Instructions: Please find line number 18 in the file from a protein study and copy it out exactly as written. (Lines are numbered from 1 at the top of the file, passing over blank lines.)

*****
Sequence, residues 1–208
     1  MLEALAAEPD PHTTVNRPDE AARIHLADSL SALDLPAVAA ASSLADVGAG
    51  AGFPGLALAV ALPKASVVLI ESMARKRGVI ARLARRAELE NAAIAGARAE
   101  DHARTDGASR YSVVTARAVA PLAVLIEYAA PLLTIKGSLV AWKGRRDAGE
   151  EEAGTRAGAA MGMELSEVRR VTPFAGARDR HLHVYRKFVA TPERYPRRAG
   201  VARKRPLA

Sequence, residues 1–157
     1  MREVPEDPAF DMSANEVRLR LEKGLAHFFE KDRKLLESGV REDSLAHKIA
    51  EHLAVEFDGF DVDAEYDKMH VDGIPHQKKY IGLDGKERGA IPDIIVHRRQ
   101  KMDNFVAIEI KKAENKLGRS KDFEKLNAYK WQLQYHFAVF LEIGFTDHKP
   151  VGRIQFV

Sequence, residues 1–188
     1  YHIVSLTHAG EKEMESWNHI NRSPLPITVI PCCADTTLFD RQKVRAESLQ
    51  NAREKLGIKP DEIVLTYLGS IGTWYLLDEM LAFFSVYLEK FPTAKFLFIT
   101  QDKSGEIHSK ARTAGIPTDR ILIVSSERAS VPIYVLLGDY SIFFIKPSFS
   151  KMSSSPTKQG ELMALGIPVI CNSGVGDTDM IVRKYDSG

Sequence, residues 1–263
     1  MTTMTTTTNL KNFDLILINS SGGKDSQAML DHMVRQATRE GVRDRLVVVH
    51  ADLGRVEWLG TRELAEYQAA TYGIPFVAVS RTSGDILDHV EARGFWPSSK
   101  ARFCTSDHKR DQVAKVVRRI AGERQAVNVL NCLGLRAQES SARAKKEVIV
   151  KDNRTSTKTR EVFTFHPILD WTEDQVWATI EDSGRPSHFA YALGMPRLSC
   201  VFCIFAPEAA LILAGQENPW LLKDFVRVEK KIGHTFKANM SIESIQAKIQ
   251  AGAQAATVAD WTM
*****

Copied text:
     1  MTTMTTTTNL KNFDLILINS SGGKDSQAML DHMVRQATRE GVRDRLVVVH